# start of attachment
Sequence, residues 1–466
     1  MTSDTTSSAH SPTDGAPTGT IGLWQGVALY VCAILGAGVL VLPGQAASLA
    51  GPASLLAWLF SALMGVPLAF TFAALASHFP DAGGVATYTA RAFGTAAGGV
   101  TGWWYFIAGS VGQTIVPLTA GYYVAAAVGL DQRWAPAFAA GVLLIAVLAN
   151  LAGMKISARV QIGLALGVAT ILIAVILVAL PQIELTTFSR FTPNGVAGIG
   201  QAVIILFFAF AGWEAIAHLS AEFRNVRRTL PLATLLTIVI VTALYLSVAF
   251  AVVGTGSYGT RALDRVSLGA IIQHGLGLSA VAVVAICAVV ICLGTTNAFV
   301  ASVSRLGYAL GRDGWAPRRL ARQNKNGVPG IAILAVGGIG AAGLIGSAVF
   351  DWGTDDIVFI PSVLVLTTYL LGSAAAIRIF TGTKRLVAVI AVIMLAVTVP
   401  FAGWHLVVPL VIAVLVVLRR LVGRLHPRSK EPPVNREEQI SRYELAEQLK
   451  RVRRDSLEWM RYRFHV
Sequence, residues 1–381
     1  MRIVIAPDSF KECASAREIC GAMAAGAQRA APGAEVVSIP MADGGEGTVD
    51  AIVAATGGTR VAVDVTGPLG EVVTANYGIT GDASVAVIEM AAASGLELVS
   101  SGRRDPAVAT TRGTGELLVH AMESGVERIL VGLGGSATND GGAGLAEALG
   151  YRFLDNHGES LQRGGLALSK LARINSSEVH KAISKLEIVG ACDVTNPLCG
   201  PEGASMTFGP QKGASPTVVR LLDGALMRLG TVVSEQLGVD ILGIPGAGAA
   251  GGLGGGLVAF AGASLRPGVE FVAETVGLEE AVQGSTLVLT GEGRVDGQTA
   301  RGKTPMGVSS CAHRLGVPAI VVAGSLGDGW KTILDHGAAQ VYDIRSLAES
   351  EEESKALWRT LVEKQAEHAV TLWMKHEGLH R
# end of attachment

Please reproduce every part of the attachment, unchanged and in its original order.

Sequence, residues 1–466
     1  MTSDTTSSAH SPTDGAPTGT IGLWQGVALY VCAILGAGVL VLPGQAASLA
    51  GPASLLAWLF SALMGVPLAF TFAALASHFP DAGGVATYTA RAFGTAAGGV
   101  TGWWYFIAGS VGQTIVPLTA GYYVAAAVGL DQRWAPAFAA GVLLIAVLAN
   151  LAGMKISARV QIGLALGVAT ILIAVILVAL PQIELTTFSR FTPNGVAGIG
   201  QAVIILFFAF AGWEAIAHLS AEFRNVRRTL PLATLLTIVI VTALYLSVAF
   251  AVVGTGSYGT RALDRVSLGA IIQHGLGLSA VAVVAICAVV ICLGTTNAFV
   301  ASVSRLGYAL GRDGWAPRRL ARQNKNGVPG IAILAVGGIG AAGLIGSAVF
   351  DWGTDDIVFI PSVLVLTTYL LGSAAAIRIF TGTKRLVAVI AVIMLAVTVP
   401  FAGWHLVVPL VIAVLVVLRR LVGRLHPRSK EPPVNREEQI SRYELAEQLK
   451  RVRRDSLEWM RYRFHV
Sequence, residues 1–381
     1  MRIVIAPDSF KECASAREIC GAMAAGAQRA APGAEVVSIP MADGGEGTVD
    51  AIVAATGGTR VAVDVTGPLG EVVTANYGIT GDASVAVIEM AAASGLELVS
   101  SGRRDPAVAT TRGTGELLVH AMESGVERIL VGLGGSATND GGAGLAEALG
   151  YRFLDNHGES LQRGGLALSK LARINSSEVH KAISKLEIVG ACDVTNPLCG
   201  PEGASMTFGP QKGASPTVVR LLDGALMRLG TVVSEQLGVD ILGIPGAGAA
   251  GGLGGGLVAF AGASLRPGVE FVAETVGLEE AVQGSTLVLT GEGRVDGQTA
   301  RGKTPMGVSS CAHRLGVPAI VVAGSLGDGW KTILDHGAAQ VYDIRSLAES
   351  EEESKALWRT LVEKQAEHAV TLWMKHEGLH R